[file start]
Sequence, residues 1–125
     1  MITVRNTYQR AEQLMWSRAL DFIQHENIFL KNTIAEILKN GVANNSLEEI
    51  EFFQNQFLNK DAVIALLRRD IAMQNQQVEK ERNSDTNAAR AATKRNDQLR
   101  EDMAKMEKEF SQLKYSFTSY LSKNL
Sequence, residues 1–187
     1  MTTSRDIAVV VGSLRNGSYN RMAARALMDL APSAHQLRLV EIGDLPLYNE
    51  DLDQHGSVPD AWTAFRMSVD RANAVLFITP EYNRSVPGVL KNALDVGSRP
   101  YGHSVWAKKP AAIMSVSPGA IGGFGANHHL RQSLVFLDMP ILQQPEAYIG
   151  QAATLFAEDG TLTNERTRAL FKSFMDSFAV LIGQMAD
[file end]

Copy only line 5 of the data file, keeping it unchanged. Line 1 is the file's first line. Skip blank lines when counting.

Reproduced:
Sequence, residues 1–187